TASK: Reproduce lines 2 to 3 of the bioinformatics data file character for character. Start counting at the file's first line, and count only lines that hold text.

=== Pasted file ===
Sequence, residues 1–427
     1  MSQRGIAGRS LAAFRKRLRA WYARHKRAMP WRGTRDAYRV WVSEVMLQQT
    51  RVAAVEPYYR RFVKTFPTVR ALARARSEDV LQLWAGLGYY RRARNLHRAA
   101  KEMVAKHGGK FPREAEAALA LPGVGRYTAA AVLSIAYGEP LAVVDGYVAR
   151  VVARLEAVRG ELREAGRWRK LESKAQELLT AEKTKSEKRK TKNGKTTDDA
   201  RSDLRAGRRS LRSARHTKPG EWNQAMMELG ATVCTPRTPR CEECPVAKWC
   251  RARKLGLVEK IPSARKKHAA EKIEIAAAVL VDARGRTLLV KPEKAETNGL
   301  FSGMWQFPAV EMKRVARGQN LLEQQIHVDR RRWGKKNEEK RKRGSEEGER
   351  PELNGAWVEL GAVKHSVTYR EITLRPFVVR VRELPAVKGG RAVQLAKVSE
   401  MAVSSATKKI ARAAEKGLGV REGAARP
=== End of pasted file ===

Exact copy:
     1  MSQRGIAGRS LAAFRKRLRA WYARHKRAMP WRGTRDAYRV WVSEVMLQQT
    51  RVAAVEPYYR RFVKTFPTVR ALARARSEDV LQLWAGLGYY RRARNLHRAA